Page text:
House Vision is an exhibition/forum, created in Japan in 2013, to “re-define urban living,” as a central and most advanced juncture, where product/service providers (industries) meet their recipients (residents – consumers – members of community/society).
Its ambitious goal is to help shape our future through the act of “living,” which touches every single individual in our society.
House Vision entrance. Built in Tokyo Bay area, it exhibited 12 real-life models to show what our future would look like through “living”
House Vision was conceived and directed by Kenya Hara, a prominent Japanese graphic designer, and a pivotal member of the Advisory Board for MUJI. (He helped shape MUJI’s philosophy based on “emptiness” – see Chapter 3.) The exhibition site was designed by Kengo Kuma.
Kenya Hara, Exhibition Director
Designer, Kenya Hara (b. 1958) emphasizes the design of both on objects and experiences. In 2002, he became a member of MUJI’s advisory board and began acting as its art director. Go to About/Hara Design Institute for more details.
President, the Nippon Design Center, Inc.
Professor at Musashino Art Universtiy
President, Japan Design Committee Co., Ltd.
Vice President, Japan Graphic Designers Association Inc.
Photo by Yoshiaki Tsutusi
Kengo Kuma, Exhibition Design
Kengo Kuma (b. 1954) is an architect and professor at the Graduate School of Architecture at the University of Tokyo. He established Kengo Kuma & Associates in 1990 in Japan, and Kengo Kuma & Associates Europe in Paris, France in 2008.
Visit this page to take a look at some of his works.
I went to Tokyo, Japan in August 2016, to cover House Vision’s 2nd exhibition. The theme of the 2nd House Vision was “Co-divisual,” meaning staying connected when separated, and getting together when being far-apart.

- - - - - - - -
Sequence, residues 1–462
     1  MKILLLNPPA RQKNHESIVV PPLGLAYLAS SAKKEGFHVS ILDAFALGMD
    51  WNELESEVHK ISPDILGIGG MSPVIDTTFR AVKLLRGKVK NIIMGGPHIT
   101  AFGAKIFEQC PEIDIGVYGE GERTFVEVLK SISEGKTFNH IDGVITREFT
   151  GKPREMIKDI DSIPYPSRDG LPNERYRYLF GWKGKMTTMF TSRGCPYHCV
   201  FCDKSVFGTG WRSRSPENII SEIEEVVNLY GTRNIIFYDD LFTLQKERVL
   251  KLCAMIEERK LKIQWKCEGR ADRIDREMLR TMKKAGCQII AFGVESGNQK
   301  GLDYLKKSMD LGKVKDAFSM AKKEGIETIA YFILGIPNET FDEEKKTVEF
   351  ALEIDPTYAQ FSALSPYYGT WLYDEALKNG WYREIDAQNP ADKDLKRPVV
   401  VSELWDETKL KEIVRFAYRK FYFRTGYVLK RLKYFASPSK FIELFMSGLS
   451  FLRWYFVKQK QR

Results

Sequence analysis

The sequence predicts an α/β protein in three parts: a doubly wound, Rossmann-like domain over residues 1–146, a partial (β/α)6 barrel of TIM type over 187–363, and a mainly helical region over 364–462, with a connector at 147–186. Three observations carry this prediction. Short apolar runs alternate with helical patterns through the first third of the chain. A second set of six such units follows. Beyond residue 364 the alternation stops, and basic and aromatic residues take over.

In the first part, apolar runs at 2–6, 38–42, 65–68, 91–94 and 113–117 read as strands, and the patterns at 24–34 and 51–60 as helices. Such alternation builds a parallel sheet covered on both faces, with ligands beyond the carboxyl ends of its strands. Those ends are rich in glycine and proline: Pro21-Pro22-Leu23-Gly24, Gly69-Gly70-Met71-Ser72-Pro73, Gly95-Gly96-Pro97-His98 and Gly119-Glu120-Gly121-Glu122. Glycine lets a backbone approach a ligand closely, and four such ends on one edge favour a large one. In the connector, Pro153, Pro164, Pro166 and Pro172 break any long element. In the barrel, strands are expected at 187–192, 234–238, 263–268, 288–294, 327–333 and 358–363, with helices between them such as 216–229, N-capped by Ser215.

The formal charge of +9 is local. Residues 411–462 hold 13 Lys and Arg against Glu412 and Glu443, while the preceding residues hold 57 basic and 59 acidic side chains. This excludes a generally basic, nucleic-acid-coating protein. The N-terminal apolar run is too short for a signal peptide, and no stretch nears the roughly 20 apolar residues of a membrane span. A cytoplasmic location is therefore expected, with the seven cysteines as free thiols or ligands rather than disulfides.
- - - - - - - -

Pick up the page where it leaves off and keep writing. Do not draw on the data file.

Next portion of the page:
It aimed to offer a completely new vision to re-integrate today’s society, which faces two unprecedented and conflicting phenomena: 1) extraordinary material/informational abundance and enjoyment, enabled by technology, and 2) isolation, division and excessive individualism that plagues people’s lives like never before. Surrounding those issues are even larger risks we face today such as climate change, demographic change (rapid population growth in certain areas, while population decreases and ages in other areas), and change in resource supply (shortage of energy, food, water etc).
House Vision 2. Architecture made of wood blocks are designed by Kengo Kuma. You can see MUJI’s Tanada terrace house at the center.
Watch “About House Vision” by Exhibition Director Kenya Hara with English subtitle.
As it could be assumed from Hara and Kuma’s philosophy (“emptiness” and “architecture that loses”), House Vision is full of alternatives for “bigger, harder and stronger” architecture, to answer the delicate question of how to balance connectedness and disconnectedness.
For the sake of our project, the exhibits (12 of them) are divided into three categories: 1) technology as our new skin, 2) dissolving boundaries, and 3) going nomadic. Most of the contents will come online later this year.
Technology as our new skin
The first group introduced here takes a deep-dive into the relationship of state-of-the-art technology and human living. There is no doubt that technology is rapidly penetrating us. It’s no longer something we access when we need it; it’s now our new skin that envelops us 24/7. How does our life look like when this new skin becomes the norm?
When technology becomes our new skin, conventional boundaries start dissolving because they are no longer needed. If defining explicit boundaries was the key feature in the modern economy, technology makes them ambiguous, unleashing new opportunities: house dissolves into the environment, ownership dissolves into shared assets, private dissolves into public, and workplace dissolves into living space.
When physical and mental boundaries dissolve, it becomes much easier to go places. Security and stability may no longer have to be tied to fixed locations such as home and office. When boundaries dissolve, new types of flexibility emerges where being nomadic can be the norm.